Dockworkers are a vital part of the process of shipping and receiving goods. They ensure the efficient function of our ports, often working under strenuous and sometimes dangerous conditions. Many dockside hazards present a risk of work injury to the workers loading and unloading goods. These hazards include:
Common injuries suffered by dockworkers may include:
Injured dock workers have access to the federal Longshore and Harbor Workers Compensation Act (LHWCA). The LHWCA covers maritime employees including longshoremen, harbor workers, and most of the other workers on docks, and in the shipyards and terminals. To qualify for benefits under the LHWCA, maritime workers must meet certain eligibility criteria as defined by “status” and “situs” tests.
The status test says that to be eligible for LHWCA benefits, an employee must perform maritime work. This means a significant part of an employee’s duties must involve water or marine transport. Eligible workers include:
Ineligible employees working on or near the docks include:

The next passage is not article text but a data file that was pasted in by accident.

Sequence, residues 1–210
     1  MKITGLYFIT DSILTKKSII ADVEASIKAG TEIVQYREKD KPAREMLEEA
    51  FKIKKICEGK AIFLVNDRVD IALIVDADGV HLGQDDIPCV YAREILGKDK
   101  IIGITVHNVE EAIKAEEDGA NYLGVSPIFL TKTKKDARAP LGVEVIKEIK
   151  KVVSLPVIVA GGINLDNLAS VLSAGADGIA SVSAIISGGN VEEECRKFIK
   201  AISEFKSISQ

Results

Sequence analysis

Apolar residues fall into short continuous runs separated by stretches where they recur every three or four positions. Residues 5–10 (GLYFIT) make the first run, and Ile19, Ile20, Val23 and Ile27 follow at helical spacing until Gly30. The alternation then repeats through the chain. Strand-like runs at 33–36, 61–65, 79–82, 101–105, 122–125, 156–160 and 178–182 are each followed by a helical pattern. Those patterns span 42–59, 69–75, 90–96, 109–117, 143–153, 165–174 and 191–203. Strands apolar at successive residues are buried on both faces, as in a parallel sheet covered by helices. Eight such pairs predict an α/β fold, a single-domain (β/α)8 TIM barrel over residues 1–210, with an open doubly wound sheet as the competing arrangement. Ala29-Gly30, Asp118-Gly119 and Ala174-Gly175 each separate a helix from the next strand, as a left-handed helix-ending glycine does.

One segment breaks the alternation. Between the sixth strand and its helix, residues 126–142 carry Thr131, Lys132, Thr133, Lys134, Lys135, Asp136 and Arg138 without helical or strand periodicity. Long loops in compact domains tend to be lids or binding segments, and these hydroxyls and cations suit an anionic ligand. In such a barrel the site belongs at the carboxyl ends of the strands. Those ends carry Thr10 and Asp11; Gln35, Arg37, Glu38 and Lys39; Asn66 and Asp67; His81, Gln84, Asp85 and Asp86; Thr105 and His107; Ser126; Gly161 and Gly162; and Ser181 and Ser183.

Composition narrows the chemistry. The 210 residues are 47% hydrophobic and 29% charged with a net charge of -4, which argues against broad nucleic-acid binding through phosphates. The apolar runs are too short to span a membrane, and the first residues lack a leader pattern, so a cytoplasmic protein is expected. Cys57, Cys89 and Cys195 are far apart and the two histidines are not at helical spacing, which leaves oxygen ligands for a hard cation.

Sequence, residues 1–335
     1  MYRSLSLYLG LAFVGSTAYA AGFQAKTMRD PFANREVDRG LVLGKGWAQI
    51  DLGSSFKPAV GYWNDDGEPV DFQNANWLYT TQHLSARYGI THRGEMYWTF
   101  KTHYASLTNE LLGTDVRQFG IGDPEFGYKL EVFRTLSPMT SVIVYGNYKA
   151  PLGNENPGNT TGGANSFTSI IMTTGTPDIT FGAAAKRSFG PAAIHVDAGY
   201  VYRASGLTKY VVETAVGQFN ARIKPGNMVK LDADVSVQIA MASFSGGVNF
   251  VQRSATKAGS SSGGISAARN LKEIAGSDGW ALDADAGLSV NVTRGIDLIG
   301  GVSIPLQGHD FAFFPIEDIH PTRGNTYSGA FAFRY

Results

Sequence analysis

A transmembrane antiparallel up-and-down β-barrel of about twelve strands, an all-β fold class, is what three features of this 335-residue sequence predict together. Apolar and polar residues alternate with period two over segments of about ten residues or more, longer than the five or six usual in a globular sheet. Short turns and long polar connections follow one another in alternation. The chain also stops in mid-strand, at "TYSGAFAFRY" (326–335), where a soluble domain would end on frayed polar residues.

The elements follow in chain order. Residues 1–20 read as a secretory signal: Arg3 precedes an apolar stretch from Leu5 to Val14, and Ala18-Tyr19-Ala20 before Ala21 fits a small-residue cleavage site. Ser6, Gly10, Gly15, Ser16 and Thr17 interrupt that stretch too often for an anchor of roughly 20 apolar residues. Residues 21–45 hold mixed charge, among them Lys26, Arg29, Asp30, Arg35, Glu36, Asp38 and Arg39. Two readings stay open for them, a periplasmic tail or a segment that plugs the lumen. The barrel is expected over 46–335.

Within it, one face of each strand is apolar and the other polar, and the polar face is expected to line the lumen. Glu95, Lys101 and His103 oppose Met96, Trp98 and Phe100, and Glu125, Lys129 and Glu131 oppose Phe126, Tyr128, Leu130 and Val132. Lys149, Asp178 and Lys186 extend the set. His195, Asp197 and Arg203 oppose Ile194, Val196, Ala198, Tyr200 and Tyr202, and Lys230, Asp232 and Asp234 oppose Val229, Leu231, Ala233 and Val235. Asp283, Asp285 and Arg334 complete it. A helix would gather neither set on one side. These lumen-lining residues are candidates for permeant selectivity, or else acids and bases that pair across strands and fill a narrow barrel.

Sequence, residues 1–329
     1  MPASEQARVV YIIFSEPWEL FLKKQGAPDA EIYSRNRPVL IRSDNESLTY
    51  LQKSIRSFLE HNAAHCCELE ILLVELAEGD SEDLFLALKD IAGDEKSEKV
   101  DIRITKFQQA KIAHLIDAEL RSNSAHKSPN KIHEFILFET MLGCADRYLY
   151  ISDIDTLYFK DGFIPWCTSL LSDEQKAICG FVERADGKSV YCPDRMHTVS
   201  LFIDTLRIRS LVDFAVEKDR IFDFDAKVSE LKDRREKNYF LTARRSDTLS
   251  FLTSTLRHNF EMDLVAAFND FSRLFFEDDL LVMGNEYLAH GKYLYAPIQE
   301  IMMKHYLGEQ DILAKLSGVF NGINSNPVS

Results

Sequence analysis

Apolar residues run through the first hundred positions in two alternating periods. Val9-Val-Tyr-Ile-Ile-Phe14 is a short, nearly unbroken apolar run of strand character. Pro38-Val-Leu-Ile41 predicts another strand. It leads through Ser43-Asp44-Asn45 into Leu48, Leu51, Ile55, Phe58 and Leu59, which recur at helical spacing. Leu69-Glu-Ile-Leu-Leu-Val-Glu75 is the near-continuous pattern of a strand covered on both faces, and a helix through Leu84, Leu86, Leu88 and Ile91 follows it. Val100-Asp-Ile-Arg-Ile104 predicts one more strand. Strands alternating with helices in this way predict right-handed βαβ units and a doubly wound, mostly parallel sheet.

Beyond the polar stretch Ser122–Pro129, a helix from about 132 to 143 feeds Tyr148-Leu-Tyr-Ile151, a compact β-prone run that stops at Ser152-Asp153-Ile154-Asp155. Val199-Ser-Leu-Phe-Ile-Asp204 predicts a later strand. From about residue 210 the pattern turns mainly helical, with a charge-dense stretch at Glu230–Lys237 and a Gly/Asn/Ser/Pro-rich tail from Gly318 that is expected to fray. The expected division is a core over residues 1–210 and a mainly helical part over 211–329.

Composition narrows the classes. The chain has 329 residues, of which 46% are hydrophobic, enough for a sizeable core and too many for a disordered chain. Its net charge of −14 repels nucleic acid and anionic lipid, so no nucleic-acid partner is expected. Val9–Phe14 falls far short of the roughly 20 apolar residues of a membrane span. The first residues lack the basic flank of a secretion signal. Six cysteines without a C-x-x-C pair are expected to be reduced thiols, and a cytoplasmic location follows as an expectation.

Situs means location and this test determines if the employee works on, near, or adjacent to navigable water. To be eligible for benefits the employee must work on a ship or vessel, or on the adjoining docks, piers, terminals, or other areas used for loading, unloading, repairs, shipbuilding, or shipbreaking.
The LHWCA allows injured workers to file claims under both a state Workers’ Compensation act and the LHWCA. However, the employee may not receive double benefits. Not all states allow the filing of both claims so it is important to consult with an experienced Workers’ Compensation lawyer about your situation.
The LHWCA provides workers with temporary total or partial disability benefits. Workers may also receive compensation for their medical treatment, and mileage and transportation expenses. Those who are unable to return to their previous line of work are eligible for vocational rehabilitation benefits. Death benefits are available to families of dock workers who do not recover from their injuries.
Generally, LHWCA benefits are slightly more than most state Workers’ Compensation benefits, but filing a claim under the LHWCA can be a very slow process. Therefore, injured workers may want to file a claim in both systems to start receiving assistance from whichever claim is heard first. After the Longshore benefits claim is processed, if that amount is more, workers can collect the greater amount, minus the state benefits that have already been paid to them.
If you or someone you love has been injured on the job, contact a Philadelphia Workers’ Compensation lawyer of Gross & Kenny, LLP. Call 267-589-0090 or complete our online form to schedule an initial consultation. Our offices are located in Philadelphia, allowing us to serve Pennsylvania and New Jersey.